- Inform: in a detailed, monthly email, investors are updated on all aspects of the company, including metrics, product development, marketing campaigns, team growth and fundraising efforts.
- Listen: periodically learning about company’s successes, failures and challenges places investors in a position to offer timely pearls of wisdom, which we naturally want to act on—we do not dread their feedback, we crave it.
- Deliver: the above two-way communication process uniquely empowers us to keep the promises we make in terms of roadmap, metrics and fundraising, and generate the ROI that results from those promises.
And it gets better:
As it turns out, the only way to LID our first family of stakeholders—investors—is actually by LID-ing our second family of stakeholders as well…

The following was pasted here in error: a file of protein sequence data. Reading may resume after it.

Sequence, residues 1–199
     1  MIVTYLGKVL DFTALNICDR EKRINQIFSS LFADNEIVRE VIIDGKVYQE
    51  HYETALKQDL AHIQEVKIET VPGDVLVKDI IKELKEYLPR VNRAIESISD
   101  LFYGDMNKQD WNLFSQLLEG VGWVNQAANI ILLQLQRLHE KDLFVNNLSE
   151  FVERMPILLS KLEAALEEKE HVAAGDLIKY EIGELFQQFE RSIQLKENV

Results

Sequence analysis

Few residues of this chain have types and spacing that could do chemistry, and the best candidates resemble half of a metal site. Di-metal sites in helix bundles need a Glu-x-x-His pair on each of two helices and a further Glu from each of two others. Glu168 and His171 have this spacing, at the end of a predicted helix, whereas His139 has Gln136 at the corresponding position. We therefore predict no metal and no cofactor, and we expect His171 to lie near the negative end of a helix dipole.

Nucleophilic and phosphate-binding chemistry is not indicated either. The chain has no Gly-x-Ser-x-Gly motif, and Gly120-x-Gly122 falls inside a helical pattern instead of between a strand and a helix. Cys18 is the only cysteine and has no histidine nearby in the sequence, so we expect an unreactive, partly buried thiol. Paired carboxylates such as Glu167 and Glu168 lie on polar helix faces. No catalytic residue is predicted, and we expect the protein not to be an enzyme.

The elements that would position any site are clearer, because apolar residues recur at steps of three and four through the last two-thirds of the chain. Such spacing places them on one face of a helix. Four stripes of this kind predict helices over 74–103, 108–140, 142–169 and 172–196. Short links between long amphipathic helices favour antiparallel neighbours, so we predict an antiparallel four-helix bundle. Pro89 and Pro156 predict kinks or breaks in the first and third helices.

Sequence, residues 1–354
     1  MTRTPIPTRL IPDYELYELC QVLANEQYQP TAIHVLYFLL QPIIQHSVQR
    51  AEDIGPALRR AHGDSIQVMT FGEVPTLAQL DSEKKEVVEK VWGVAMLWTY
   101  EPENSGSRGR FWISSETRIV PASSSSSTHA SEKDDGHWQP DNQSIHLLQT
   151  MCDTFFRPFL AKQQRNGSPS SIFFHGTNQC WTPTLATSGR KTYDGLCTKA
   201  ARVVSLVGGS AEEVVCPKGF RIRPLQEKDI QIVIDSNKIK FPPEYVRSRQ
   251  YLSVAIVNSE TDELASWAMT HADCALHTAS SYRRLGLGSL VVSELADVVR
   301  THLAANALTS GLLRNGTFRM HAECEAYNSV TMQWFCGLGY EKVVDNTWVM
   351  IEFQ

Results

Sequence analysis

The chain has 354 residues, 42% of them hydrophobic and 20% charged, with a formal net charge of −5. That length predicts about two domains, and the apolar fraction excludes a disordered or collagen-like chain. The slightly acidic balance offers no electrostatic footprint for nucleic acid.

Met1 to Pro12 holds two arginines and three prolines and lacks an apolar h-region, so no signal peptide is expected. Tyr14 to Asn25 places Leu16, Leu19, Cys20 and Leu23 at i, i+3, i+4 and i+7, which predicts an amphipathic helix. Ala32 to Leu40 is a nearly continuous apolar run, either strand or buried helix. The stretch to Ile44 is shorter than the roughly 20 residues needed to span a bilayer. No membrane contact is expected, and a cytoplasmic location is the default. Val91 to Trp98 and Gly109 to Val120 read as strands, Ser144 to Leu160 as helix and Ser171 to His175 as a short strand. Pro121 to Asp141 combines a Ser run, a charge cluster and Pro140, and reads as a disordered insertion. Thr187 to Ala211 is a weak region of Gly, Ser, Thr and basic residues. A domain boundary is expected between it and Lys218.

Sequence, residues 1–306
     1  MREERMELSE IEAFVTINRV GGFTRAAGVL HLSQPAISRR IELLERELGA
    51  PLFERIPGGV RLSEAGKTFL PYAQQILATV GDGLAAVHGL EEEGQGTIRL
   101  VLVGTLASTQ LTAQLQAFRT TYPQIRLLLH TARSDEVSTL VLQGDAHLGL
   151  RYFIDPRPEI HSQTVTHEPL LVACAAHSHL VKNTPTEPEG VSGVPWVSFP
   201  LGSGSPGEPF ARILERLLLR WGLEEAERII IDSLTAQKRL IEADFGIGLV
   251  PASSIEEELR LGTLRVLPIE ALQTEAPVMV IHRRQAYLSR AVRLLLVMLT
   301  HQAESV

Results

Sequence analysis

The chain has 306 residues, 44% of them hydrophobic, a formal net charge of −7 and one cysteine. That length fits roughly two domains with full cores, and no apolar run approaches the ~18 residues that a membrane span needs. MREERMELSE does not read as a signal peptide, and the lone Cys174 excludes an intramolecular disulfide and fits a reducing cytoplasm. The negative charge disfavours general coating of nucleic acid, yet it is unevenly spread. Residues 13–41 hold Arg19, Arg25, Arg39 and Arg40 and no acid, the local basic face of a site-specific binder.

According to BusinessDictionary, a customer is:
A party that receives or consumes products (goods or services) and has the ability to choose between different products and suppliers.
At Loomly, we tend to define a customer slightly differently, as:
An individual or a team who suffers from a specific pain point, has a good idea of what the perfect way to fix it would be, but has not found that on the market just yet (however competitive it may be)
This very definition shapes how we interact with our fantastic customers on a daily basis, once again according to the LID principles:
- Listen: we first built Loomly to solve a problem we had, which was a good start. But when you are lucky enough to speak with hundreds of enthusiastic users and customers every day, and they are kind enough to tell you precisely what they want, you just tune in, take notes and adjust your roadmap.